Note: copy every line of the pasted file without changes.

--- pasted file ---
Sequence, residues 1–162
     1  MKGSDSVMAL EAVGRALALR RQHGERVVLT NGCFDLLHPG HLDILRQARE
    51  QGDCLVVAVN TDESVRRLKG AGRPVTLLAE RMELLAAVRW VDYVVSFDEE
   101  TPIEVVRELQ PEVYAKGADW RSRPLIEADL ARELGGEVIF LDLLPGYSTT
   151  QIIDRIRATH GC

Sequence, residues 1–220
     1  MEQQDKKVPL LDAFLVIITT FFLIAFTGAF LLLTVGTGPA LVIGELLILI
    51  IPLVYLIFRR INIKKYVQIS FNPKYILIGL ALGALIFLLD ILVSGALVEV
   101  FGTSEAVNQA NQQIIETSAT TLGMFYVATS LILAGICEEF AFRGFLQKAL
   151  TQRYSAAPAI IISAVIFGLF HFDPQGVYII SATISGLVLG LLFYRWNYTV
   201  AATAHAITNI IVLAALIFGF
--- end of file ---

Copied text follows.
Sequence, residues 1–162
     1  MKGSDSVMAL EAVGRALALR RQHGERVVLT NGCFDLLHPG HLDILRQARE
    51  QGDCLVVAVN TDESVRRLKG AGRPVTLLAE RMELLAAVRW VDYVVSFDEE
   101  TPIEVVRELQ PEVYAKGADW RSRPLIEADL ARELGGEVIF LDLLPGYSTT
   151  QIIDRIRATH GC

Sequence, residues 1–220
     1  MEQQDKKVPL LDAFLVIITT FFLIAFTGAF LLLTVGTGPA LVIGELLILI
    51  IPLVYLIFRR INIKKYVQIS FNPKYILIGL ALGALIFLLD ILVSGALVEV
   101  FGTSEAVNQA NQQIIETSAT TLGMFYVATS LILAGICEEF AFRGFLQKAL
   151  TQRYSAAPAI IISAVIFGLF HFDPQGVYII SATISGLVLG LLFYRWNYTV
   201  AATAHAITNI IVLAALIFGF